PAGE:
Sawai Madhopur

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Sawai Madhopur
Madhopur
City
Hills around the old city and the Ghatila Balaji temple
Hills around the old city and the Ghatila Balaji temple
Nickname: 
Tiger city
Sawai Madhopur is located in Rajasthan
Sawai Madhopur
Sawai Madhopur
Location in Rajasthan, India
Sawai Madhopur is located in India
Sawai Madhopur
Sawai Madhopur
Sawai Madhopur (India)
Coordinates: 25°59′N 76°22′E / 25.983°N 76.367°E / 25.983; 76.367Coordinates: 25°59′N 76°22′E / 25.983°N 76.367°E / 25.983; 76.367
Country India
StateRajasthan
DistrictSawai Madhopur
Founded bySawai Madho Singh I
Named forHimself
Government
 • TypeMunicipal Council
 • BodySawai Madhopur Municipal Council
Area
 • Total59 km2 (23 sq mi)
Elevation
257 m (843 ft)
Population
 (2011)[3]
 • Total121,106[1]
 • Density297/km2 (770/sq mi)
Time zoneUTC+5:30 (IST)
PIN
322001
Telephone code07462
Vehicle registrationRJ-25
Sex ratio922 per 1000 /
Websitesawaimadhopur.rajasthan.gov.in

Sawai Madhopur is a city and Municipal Council (Nagar Parishad) in the Sawai Madhopur District in Rajasthan state, India. It is the administrative headquarters of Sawai Madhopur District of Rajasthan. Ranthambore National Park which is 7 km from the railway station and Ranthambore Fort, a UNESCO World Heritage Site are located near Sawai Madhopur.

History[edit]

Sawai Madhopur was built as a planned city by Maharaja Madho Singh I of Jaipur (1751 – 1768) and is named after him.[4] Founded in 1763, Sawai Madhopur celebrates its foundation day annually on 19 January.

The Sawai Madhopur Lodge, now a hotel, survives as a relic of the days of tiger hunting. The lodge was built in 1936 by Maharaja Man Singh II (1912 – 1971) and used as a hunting lodge until his death. The two-storey crescent-shaped building is constructed with a long verandah.[5] Queen Elizabeth of England visited the lodge in January 1961.[6]

Geography[edit]

Sawai Madhopur is located in southeast Rajasthan. The city is approximately 121 kilometres (75 mi) southeast of Jaipur.[7]

Climate[edit]

Sawai Madhopur has a subtropical, dry climate with distinct winter, summer, and rainy seasons. The highest temperature occurs between May and June, rising up to 49 °C (120 °F). The lowest temperature, generally recorded between December and January, is about 2 °C (36 °F). The average rainfall in Sawai Madhopur is 800 mm with a monsoon season from July to October when Ranthambore National Park is closed. In summer, the average humidity is 10 to 15 percent and 60 percent in the rainy season. The ideal tourist season is from November to May.

Climate data for Sawai Madhopur (1981–2010, extremes 1969–2012)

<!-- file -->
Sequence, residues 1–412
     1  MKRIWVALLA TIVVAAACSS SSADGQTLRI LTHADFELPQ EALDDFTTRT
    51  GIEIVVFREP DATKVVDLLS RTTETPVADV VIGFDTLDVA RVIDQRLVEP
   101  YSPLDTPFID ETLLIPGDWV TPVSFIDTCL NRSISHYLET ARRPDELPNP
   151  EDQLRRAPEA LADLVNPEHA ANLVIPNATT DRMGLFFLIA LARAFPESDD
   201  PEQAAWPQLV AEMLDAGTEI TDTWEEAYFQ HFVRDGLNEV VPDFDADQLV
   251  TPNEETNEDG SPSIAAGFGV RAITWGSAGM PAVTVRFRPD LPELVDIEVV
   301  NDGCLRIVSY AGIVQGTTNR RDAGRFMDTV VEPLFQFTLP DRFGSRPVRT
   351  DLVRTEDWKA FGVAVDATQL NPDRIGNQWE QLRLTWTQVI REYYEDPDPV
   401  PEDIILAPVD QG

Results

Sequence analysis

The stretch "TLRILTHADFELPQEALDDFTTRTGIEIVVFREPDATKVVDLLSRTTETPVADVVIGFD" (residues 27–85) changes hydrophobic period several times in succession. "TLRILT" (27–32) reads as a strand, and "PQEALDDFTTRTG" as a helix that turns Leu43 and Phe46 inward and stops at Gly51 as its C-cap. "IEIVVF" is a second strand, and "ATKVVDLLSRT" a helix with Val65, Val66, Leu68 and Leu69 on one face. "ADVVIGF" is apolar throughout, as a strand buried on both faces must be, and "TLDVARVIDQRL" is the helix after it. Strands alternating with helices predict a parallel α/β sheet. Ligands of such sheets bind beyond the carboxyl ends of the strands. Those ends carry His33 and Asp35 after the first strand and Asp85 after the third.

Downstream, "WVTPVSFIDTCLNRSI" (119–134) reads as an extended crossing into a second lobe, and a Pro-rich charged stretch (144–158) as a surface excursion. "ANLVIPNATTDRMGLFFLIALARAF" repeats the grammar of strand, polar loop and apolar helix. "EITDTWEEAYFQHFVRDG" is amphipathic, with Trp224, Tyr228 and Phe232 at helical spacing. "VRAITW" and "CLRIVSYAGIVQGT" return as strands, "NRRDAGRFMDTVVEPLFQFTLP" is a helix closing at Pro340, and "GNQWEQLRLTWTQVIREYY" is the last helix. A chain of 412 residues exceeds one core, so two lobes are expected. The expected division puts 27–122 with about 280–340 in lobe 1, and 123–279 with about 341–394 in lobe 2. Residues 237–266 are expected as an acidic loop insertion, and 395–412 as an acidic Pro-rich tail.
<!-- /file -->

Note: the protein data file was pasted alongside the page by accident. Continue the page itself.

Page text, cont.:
Month Jan Feb Mar Apr May Jun Jul Aug Sep Oct Nov Dec Year
Record high °C (°F) 32.9
(91.2)
36.6
(97.9)
42.2
(108.0)
46.5
(115.7)
48.0
(118.4)
48.0
(118.4)
46.3
(115.3)
40.0
(104.0)
40.9
(105.6)
41.0
(105.8)
36.7
(98.1)
32.0
(89.6)
48.0
(118.4)
Average high °C (°F) 23.4
(74.1)
27.4
(81.3)
33.7
(92.7)
39.3
(102.7)
42.3
(108.1)
40.4
(104.7)
34.3
(93.7)
32.3
(90.1)
34.3
(93.7)
34.4
(93.9)
29.9
(85.8)
24.9
(76.8)
33.1
(91.6)
Average low °C (°F) 7.5
(45.5)
10.7
(51.3)
16.5
(61.7)
22.3
(72.1)
26.9
(80.4)
27.3
(81.1)
24.7
(76.5)
23.5
(74.3)
22.9
(73.2)
18.4
(65.1)
13.3
(55.9)
9.1
(48.4)
18.6
(65.5)
Record low °C (°F) −1.0
(30.2)
−1.2
(29.8)
3.5
(38.3)
9.3
(48.7)
14.6
(58.3)
15.0
(59.0)
11.5
(52.7)
16.4
(61.5)
14.0
(57.2)
6.8
(44.2)
2.5
(36.5)
1.0
(33.8)
−1.2
(29.8)
Average rainfall mm (inches) 7.2
(0.28)
6.6
(0.26)
4.2
(0.17)
7.3
(0.29)
11.8
(0.46)
61.5
(2.42)
236.7
(9.32)
263.4
(10.37)
101.5
(4.00)
29.5
(1.16)
11.4
(0.45)
3.5
(0.14)
744.5
(29.31)
Average rainy days 0.6 0.8 0.5 0.6 1.1 3.8 10.3 11.2 5.1 1.3 0.5 0.3 36.1
Average relative humidity (%) (at 17:30 IST) 45 34 27 22 23 36 62 68 55 41 42 47 42
Source: India Meteorological Department[8][9]

Demographics[edit]

Population growth through the years
Year Population
1991
72,165
2001
101,997
2011
121,106

In the India census of 2011,[10] Sawai Madhopur had a population of 121,106. Females constituted 47 percent of the population and males 53 percent. Sawai Madhopur has an average literacy rate of 79.44 percent which is greater than the national rate of 74.04 percent. Female literacy (67.98 percent) lags the male literacy rate (90.09 percent). In Sawai Madhopur, 12.89 percent of the population is under 6 years of age.[citation needed] Sawai Madhopur's communities include Gurjars and Meenas.[11]

Religion[edit]

Religions in Sawai Madhopur
Hinduism
74.71%
Islam
20.11%
Jainism
4.38%
Christianity
0.21%
Sikh
0.39%
others
0.2%
Distribution of religions

Most people in Sawai Madhopur are Hindu. Just over 20 percent are Muslim. Christians are a very small minority. From a caste standpoint, 44 percent of Sawai Madhopur's population belong to the Meena Community and 12 percent are Gurjar.[citation needed]

Governance[edit]

Sawai Madhopur District Court